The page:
Into Louis’ place–gradually, though surely–there stepped a stream of philosophers, scientists, artists, inventors, scholars, and reformers who remade French society while the monarchy stood paralyzed from overexertion. The eighteenth century’s Enlightenment provided to France what the Dissenting tradition had given to England in the seventeenth century–a lush diversity of moral authorities promoting a variety of opinions about the proper role of temporal authority. Finally, the medieval preference for tradition at all costs evaporated in the light of reason and it seemed that intellectual space had opened for the final triumph of liberal principles. Yet, ever knowledgeable of the “revolutionary excesses” which guillotined his father in 1794, Guizot concludes with stern words of warning: “It is the danger, the evil, the insurmountable vice of absolute power, wheresoever it may exist, whatsoever name it may bear, and for whatever object it may be exercised” that we should truly fear and fight against. Westerners have enjoyed peculiar circumstances in history and their modern conceptions of liberty are but one significant result. Yet as the revolutionaries demonstrated throughout the 1790s, anti‐​absolutists, when left to their own devices and entrusted with political power, can easily become their own version of absolutists. And it is absolutism, in the end, which stifles a civilization’s ability to adapt its constitution to suit changing circumstances. Our author dismisses his audience, therefore, with the claim that “It is the duty, and will be, I believe, the peculiar event of our time, to acknowledge that all power, whether intellectual or temporal, whether belonging to governments or people, to philosophers or ministers, in whatever cause it may be exercised—that all human power, I say, bears within itself a natural vice, a principle of feebleness and abuse, which renders it necessary that it should be limited.”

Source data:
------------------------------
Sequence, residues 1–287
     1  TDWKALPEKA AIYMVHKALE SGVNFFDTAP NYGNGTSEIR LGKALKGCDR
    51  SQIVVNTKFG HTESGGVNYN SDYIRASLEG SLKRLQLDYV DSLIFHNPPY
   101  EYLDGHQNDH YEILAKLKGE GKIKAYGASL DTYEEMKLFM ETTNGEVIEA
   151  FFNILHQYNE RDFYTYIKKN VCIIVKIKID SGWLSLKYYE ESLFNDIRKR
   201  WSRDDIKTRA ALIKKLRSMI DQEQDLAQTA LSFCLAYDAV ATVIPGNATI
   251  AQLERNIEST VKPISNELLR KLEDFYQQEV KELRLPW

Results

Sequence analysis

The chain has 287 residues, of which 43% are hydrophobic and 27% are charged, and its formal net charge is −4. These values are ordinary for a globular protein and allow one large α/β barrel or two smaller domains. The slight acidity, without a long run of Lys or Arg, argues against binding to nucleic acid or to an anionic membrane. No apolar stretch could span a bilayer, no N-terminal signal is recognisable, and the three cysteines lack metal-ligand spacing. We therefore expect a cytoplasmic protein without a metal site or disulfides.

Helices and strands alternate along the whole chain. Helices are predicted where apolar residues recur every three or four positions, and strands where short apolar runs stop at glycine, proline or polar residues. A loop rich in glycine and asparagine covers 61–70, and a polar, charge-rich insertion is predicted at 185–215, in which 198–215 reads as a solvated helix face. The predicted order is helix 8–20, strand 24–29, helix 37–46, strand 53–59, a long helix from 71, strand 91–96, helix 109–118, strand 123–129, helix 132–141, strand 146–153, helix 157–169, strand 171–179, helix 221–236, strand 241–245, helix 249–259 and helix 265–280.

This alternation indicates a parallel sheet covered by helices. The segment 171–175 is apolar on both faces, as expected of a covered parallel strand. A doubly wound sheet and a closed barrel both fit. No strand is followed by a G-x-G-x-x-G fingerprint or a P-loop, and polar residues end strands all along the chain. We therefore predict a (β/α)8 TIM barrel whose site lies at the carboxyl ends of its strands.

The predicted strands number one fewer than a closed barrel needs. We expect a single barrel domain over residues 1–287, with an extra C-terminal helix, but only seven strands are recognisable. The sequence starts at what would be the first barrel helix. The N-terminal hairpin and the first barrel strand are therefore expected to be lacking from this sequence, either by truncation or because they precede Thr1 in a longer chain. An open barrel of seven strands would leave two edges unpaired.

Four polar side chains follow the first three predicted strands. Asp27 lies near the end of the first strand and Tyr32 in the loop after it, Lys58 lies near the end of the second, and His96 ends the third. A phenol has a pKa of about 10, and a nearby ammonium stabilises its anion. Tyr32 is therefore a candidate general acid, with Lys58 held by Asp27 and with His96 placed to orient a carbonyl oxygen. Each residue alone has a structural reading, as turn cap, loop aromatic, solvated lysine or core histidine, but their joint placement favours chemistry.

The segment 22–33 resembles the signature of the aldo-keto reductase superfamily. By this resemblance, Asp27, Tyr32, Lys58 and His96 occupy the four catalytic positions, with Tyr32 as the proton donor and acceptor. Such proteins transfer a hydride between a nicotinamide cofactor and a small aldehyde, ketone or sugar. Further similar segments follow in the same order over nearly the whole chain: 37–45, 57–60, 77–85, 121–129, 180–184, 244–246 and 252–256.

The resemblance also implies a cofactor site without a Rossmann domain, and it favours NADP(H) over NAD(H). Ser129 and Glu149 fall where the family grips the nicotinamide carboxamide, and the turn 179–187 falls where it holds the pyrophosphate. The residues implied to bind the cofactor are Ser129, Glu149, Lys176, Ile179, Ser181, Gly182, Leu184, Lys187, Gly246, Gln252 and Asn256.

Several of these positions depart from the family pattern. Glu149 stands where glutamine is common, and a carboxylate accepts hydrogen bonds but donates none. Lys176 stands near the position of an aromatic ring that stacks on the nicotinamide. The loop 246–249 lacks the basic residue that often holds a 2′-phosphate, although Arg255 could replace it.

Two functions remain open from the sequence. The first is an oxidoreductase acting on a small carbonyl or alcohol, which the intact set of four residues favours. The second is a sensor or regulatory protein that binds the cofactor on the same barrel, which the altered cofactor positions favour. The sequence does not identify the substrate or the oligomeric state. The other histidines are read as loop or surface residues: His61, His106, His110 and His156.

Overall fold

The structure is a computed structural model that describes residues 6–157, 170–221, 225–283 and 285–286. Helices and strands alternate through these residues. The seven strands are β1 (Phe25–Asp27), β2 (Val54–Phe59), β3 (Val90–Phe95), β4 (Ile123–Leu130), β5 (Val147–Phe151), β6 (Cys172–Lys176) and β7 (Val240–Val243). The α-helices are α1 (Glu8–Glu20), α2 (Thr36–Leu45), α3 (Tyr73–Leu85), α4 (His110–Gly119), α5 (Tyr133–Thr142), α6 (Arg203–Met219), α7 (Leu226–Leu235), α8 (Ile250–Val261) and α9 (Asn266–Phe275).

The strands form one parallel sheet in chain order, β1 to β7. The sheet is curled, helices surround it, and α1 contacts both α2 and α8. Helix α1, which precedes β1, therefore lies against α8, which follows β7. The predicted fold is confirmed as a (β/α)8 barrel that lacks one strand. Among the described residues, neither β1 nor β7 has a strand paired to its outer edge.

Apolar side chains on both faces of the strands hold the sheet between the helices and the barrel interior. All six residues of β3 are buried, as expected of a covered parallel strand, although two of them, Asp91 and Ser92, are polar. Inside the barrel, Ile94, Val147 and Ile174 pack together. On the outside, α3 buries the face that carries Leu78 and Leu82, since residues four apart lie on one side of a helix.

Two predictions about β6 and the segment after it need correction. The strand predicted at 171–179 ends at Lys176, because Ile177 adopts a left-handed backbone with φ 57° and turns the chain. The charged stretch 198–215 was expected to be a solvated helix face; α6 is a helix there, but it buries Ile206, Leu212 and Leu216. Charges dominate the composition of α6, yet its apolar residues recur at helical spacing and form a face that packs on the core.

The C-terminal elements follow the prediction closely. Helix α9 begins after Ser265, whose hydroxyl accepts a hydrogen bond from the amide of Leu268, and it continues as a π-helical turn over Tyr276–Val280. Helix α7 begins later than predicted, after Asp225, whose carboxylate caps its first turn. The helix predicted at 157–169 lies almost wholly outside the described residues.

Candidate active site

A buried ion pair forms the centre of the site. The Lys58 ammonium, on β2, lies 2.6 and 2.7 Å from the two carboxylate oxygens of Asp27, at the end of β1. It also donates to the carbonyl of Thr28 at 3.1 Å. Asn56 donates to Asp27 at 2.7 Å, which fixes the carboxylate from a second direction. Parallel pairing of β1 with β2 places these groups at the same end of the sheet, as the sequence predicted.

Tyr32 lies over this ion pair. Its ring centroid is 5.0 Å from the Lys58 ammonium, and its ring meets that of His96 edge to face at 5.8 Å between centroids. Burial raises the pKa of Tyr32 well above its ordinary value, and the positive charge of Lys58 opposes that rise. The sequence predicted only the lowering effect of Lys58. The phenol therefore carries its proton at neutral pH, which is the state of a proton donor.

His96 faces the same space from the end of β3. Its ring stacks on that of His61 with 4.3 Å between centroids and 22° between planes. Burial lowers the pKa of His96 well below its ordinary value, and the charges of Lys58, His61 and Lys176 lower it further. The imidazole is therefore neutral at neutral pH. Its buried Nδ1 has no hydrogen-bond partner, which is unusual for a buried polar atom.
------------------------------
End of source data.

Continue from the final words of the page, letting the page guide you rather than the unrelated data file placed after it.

By Francois Pierre Guillaume Guizot

The History of Civilization in Europe (Excerpts)

New York: D. Appleton and Company. 1896.